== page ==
Botanical Rambles

Welcome to the Washington Native Plant Society Blog
May
27

An End-of-May Garden Walk

Goat's beard (Aruncus dioicus var. acuminatus)Photo: Sarah Gage What's in bloom? What's in leaf? What's thriving? What is pffft? These are the perennial questions a gardener asks in May. I've been spending some long days in my Seattle garden, enjoying the lingering twilights and mild temperatures. This goat's beard ( Aruncus dioicus var. acuminatus ) is a surprise. It's only been in the ground a year or so, and last year it was puny. I wasn't sure it was going to survive—or that I would remember...
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446 Hits
Apr
21

Seola Pond Project

More than 50 kids weeded, dug, and planted at a small neighborhood pond in unincorporated King County, thanks to the creativity and perseverance of a neighborhood volunteer, Scott Dolfay. Scott received an $800 education grant from the Washington Native Plant Society to buy plants and signage. He also received a small grant from King County. Seola Pond is part of the Seola Creek Drainage Basin , just north of Burien and southwest of White Center, in unincorporated King County. Scott had noticed ...
  394 Hits
394 Hits
Feb
03

Plant Profile: Red-osier Dogwood (Cornus sericea, a.k.a. Cornus stolonifera)

Why choose red-osier dogwood?  This fast-growing shrub pleases every month of the year. During dark winter days, its red twigs glow under sunny or gray skies. Leafing out, the shrub forms a fresh green backdrop to its own clusters of creamy-white flowers and to other spring-bloomers. Red-osier dogwood will often bloom into late fall, so that you can see it with both flowers and its blue-white berries when the leaves turn yellow or maroon.  What it can do in the garden Red-osier dogwood...
  1034 Hits
1034 Hits
Jan
15

Native vs. Nonnative Plants in Pollinator Gardens

​It seems these days that questions about butterfly and pollinator gardens have moved on from "why?" to "what shall we plant?"—with the conversation often turning to whether or not it is better to plant native species than nonnative ones. Led by Andrew Salisbury of the Royal Horticultural Society, a team of researchers in Britain undertook a four-year study to try to provide an answer. Their work was published in May 2017 in the journal Biodiversity and Conservation .  The research was done...
  992 Hits
992 Hits
Dec
11

The Holly and the Ivy…Festive, but Not in Your Forest!

Tip of the Holly This is an English holly ( Ilex aquifolium , see photo below) that I pulled out of the ground. What I want to impress upon you are the measurements. From the top to the root collar is about 12 inches. The root then extends another 36 inches. Folks, that's a 2-to-1 root-to-shoot ratio. Maybe they should change the expression "tip of the iceberg" to "tip of the holly." Can you imagine what the root system is like on larger hollies? This is one of the big problems with this invasiv...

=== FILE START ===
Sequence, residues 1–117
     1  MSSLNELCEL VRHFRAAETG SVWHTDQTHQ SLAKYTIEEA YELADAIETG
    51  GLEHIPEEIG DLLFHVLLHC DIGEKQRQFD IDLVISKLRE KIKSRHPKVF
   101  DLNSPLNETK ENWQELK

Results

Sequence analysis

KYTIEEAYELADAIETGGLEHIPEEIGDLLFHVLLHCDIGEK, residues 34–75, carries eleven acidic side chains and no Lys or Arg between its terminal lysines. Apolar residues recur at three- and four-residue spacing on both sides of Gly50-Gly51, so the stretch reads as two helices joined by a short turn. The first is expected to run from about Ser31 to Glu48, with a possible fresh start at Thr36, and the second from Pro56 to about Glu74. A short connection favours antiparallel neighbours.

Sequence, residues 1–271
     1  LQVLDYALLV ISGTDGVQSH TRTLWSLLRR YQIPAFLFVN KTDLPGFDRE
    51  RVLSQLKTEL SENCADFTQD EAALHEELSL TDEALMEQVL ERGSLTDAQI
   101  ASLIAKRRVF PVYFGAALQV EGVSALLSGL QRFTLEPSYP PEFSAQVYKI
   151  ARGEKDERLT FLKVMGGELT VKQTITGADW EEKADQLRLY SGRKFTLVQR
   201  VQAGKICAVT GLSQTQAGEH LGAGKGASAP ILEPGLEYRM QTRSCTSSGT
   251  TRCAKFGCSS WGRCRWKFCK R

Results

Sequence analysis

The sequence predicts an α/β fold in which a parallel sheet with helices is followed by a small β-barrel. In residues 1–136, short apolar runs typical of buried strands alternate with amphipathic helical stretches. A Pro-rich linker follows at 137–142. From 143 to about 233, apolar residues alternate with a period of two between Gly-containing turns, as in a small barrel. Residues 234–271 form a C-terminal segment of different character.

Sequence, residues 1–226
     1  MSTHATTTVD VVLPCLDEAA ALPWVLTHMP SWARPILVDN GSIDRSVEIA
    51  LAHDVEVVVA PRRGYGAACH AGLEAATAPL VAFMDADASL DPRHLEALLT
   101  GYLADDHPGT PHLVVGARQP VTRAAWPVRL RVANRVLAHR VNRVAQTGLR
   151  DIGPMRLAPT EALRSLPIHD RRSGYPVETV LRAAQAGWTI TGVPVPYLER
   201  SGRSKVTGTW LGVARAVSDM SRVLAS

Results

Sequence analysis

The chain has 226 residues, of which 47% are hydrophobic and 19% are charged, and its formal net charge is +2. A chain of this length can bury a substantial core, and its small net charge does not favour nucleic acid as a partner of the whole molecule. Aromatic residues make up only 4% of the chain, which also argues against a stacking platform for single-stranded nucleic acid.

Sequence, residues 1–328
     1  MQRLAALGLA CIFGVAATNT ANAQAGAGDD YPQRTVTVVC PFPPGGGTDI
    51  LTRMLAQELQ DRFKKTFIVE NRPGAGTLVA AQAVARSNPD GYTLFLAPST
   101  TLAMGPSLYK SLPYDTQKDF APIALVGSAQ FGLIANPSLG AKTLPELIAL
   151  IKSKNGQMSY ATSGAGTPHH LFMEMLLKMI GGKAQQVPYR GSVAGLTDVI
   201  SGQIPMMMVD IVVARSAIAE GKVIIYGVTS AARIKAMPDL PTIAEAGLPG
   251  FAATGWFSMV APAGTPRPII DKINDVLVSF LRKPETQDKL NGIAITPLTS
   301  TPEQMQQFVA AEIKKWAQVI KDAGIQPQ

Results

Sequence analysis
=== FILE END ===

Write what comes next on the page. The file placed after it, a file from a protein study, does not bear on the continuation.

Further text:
465 Hits
465 Hits
Dec
01

Riparian Planting in Eastern Washington

I visited several salmon restoration projects in the Yakima Basin at the end of October, and I was excited to see the progress being made to restore native willows, cottonwood, red-osier dogwood, and grasses in old road beds, formerly channelized streams, and other challenging sites. Some resources about planting along streams and rivers in eastern Washington have crossed my path recently, and I thought I would share them with you. The first is a save-the-date announcement from Heather Simmons a...
  604 Hits
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604 Hits
Feb
19

Washington’s Cherries

Chokecherry fruits (Prunus virginiana)Photo: National Park Service When I was growing up, February had a lot going for it, with three holidays. Lincoln's birthday (February 12 th —studying by firelight; Honest Abe; top hats), Valentine's Day (February 14 th —giving, and hopefully receiving, Valentine cards; candy hearts; a stomach ache by nightfall), and Washington's birthday (February 22 nd —noble profile; wooden teeth; cherry pie). Two days off, with romance in between! What I most remember le...
  283 Hits
283 Hits
Feb
13

Plant Profile: Pacific Bleeding Heart (Dicentra formosa)